Appeal from the Order of the Pennsylvania Human Relations Commission in the case of Phyllis A. Carney v. Magee Memorial Hospital, No. E-5564.
Harold R. Berk, with him John Matrullo, Hovsepian and Sandler, P.C., for petitioner.
Michael Hardiman, Assistant General Counsel, for respondent.
No appearance for intervenor.
Judges Rogers, MacPhail and Doyle, sitting as a panel of three. Opinion by Judge Rogers.
[ 71 Pa. Commw. Page 358]
Phyllis Carney seeks review of an order of the Pennsylvania Human Relations Commission (PHRC), entered on the recommendation of an examiner following a formal hearing conducted on January 30, 1981, directing that the proceeding initiated by her sex discrimination complaint be closed for failure to establish probable cause to credit the allegations contained in the complaint. Two issues are raised: whether the procedure followed at the hearing denied to the petitioner due process of the law, and whether the record made at the hearing sufficiently supports the PHRC's determination.
The facts giving rise to the petitioner's complaint are disputed in many particulars but may be cast in general terms as follows. The petitioner was hired in September, 1969, as an executive secretary to Mr. Paul Labrecht, then the Administrator of the Magee Convalescent Hospital in Philadelphia. At this time the hospital's organizational structure for purposes of its daily operations was divided into a medical and a non-medical component; command of the former being entrusted to one Dr. Parry, the Medical Director, and command of the latter being in the hands of the Administrator, Mr. Labrecht.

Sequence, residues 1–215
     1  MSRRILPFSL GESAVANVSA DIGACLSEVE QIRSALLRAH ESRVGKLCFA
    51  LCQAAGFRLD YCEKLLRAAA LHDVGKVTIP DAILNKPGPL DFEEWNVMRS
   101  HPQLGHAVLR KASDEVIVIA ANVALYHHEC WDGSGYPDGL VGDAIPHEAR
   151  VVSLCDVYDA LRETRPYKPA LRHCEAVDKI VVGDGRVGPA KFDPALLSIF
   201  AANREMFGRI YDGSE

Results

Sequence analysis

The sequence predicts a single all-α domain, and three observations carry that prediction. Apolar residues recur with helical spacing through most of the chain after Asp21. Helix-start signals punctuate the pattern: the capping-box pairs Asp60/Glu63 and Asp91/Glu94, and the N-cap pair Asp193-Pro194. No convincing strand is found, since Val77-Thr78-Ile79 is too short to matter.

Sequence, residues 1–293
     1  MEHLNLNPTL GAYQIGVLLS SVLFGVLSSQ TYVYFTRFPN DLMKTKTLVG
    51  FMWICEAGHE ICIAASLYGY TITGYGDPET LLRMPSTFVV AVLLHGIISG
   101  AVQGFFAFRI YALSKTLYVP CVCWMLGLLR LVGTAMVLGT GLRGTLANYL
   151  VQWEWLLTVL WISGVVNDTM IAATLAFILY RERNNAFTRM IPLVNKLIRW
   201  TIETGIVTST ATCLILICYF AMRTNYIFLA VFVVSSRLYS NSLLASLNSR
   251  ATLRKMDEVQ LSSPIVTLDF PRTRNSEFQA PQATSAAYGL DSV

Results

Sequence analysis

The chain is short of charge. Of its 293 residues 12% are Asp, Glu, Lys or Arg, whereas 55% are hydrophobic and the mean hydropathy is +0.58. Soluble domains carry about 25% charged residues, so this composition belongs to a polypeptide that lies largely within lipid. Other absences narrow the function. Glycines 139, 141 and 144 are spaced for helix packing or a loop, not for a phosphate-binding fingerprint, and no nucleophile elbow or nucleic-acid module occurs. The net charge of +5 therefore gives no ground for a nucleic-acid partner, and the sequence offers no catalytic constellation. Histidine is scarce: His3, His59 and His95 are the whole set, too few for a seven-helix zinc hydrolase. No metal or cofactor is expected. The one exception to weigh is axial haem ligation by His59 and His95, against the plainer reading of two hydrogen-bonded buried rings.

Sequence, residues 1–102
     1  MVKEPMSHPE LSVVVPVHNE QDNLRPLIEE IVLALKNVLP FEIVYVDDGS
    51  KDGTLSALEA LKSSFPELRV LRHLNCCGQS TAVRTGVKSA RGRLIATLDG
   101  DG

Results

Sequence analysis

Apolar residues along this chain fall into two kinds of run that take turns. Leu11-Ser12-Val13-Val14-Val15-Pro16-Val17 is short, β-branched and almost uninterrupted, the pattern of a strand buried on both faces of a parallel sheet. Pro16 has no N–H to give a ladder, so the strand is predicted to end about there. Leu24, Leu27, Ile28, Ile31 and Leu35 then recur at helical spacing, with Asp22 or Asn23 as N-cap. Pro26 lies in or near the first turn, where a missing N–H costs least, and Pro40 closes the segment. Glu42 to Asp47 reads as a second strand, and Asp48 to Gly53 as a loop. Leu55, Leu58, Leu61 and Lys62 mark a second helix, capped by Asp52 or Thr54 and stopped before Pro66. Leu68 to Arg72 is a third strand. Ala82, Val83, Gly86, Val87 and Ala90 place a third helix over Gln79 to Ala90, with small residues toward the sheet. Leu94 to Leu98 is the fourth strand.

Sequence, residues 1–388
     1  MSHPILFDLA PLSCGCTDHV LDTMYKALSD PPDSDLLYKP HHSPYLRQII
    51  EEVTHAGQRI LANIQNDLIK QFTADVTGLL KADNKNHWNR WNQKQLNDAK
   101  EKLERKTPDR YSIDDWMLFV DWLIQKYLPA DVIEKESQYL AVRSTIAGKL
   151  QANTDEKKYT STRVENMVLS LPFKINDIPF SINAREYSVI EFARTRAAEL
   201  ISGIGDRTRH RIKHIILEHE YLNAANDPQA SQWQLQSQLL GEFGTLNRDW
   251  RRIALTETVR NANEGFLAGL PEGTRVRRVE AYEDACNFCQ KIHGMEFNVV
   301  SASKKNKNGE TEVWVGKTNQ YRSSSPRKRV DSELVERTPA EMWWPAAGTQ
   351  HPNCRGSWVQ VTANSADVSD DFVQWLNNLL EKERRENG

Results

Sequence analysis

[ 71 Pa. Commw. Page 359]
About nine months later, the petitioner was elevated to the position of administrative assistant which promotion entailed duties in addition to the secretarial functions previously performed in the areas of personnel relations; recruiting, interviewing, and initial training of new employees; and the preparation and compilation of documents necessary to the hospital's continued accreditation.
In February, 1972 Mr. Labrecht was discharged from his position as hospital administrator. Thereafter for a period of about one year, until the hiring of one Joseph Rainville in January, 1973, the hospital was without a chief executive officer with respect to its non-medical domain. During this interregnum, the petitioner continued to perform her functions described above. Approximately two weeks after his appointment, Mr. Rainville discharged the petitioner giving variously as reasons for the discharge a proposed reorganization of the hospital's administrative staff and the inability of the petitioner to take dictation by the shorthand method -- a skill Mr. Rainville assertedly required of his personal secretary. After the petitioner's discharge there followed nearly a decade of administrative and judicial inquiry into the particulars of and foundation for the petitioner's charge that the proffered reasons for discharge were mere pretext and that, in fact, Mr. Rainville was motivated by a design to discriminate against her on account of her sex.
The petitioner filed the complaint here at issue on February 20, 1973, alleging that on or about February 2, 1973, the respondent hospital
terminated her from her position as Administrative Assistant because of her SEX, FEMALE. It is further alleged that while employed as Administrative Assistant ...